!10 9 8 3 2
29 6 5 3 2
4J 8 6 4 43 2
!A Q !K J 7 6 5 4
#K 10 8 7 #J 4
2Q J 10 28 7 4
4A K Q 10 7 5
#A Q 6 3 2
This was a rather good problem from the excellent magazine English Bridge, distributed free to all members of the English Bridge Union. Originally, of course, you were not given the East-West hands but, even seeing the full deal, the winning play (although logical) is not obvious.
West opened 1NT (12-14 points), East bid 2! and South closed the auction with a firm 44. West led the 2Q and you were invited to plan the play.
The danger lies in losing a trump trick and three diamonds. The opening lead, however, is significant for West has chosen not to lead his partner's suit. This, almost certainly, places East with a top heart (probably the king). In that case it is West who is strong favourite to hold the missing #K.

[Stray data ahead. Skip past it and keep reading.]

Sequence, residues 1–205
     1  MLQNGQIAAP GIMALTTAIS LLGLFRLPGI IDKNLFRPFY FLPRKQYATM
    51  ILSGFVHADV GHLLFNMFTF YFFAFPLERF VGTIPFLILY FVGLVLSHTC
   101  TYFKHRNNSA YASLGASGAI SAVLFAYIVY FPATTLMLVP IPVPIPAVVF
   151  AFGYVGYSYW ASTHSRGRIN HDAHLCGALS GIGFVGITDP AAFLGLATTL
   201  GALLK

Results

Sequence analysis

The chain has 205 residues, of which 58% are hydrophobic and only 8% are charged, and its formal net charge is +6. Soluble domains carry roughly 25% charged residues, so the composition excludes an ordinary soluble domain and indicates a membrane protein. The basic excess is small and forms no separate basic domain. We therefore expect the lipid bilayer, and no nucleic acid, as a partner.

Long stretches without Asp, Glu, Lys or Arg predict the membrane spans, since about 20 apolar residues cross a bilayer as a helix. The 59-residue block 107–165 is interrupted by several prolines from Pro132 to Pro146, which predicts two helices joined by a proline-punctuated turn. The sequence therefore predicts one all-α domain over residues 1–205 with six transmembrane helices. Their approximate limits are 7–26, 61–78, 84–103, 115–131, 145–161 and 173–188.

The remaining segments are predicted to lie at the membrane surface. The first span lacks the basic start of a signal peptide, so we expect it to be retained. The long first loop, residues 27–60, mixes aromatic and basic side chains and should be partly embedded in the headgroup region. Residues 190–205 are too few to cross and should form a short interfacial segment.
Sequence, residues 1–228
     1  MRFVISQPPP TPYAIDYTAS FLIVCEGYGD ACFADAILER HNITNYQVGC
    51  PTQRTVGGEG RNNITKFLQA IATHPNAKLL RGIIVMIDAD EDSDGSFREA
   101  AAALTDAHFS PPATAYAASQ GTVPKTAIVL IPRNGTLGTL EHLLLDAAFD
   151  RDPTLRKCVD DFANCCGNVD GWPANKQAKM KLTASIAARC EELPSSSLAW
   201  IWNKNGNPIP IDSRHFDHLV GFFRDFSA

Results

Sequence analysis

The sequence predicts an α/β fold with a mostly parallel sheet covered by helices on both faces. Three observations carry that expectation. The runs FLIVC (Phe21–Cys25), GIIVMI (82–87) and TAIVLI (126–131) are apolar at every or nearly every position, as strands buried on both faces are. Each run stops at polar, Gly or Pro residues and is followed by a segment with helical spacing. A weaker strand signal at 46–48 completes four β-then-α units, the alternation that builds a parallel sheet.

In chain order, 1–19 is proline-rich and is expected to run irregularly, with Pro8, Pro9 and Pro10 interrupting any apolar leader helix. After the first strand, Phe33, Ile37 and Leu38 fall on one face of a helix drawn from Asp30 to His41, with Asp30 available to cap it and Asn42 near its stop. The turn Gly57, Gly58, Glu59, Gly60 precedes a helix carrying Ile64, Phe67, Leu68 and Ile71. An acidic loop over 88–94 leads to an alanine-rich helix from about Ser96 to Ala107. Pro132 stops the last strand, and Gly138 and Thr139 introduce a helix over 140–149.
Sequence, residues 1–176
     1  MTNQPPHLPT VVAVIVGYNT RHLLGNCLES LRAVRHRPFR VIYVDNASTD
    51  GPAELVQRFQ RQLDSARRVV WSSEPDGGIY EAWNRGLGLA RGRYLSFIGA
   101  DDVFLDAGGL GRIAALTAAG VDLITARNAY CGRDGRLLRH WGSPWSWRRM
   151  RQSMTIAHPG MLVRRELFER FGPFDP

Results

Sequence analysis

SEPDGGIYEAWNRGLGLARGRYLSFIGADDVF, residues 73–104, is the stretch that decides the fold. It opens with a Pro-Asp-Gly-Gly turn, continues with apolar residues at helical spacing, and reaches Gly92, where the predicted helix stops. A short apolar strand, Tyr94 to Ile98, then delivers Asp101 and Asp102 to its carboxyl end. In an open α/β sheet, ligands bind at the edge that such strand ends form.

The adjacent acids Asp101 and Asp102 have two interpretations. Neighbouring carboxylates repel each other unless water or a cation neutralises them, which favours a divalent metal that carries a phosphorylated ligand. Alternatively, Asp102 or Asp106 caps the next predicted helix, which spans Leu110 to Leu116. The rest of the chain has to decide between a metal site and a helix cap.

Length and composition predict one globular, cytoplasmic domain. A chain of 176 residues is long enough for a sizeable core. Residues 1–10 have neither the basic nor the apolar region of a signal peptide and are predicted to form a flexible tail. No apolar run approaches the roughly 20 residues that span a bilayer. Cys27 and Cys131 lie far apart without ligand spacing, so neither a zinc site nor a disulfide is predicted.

After winning the lead. therefore, you have all the necessary clues. The winning line is to lead #Q at trick two! Clearly West takes his king but cannot lead trumps without losing his trick in the suit.
Suppose West tries a second club. Declarer wins, cashes #A, and ruffs a diamond with dummy's solitary trump. Now, after coming to hand with a heart ruff, South cashes his top trumps and simply concedes a diamond to collect his 10 tricks. You can see the point: it was vital to keep East out of the lead, for then a trump return would have put an end to declarer's chances.Reuse content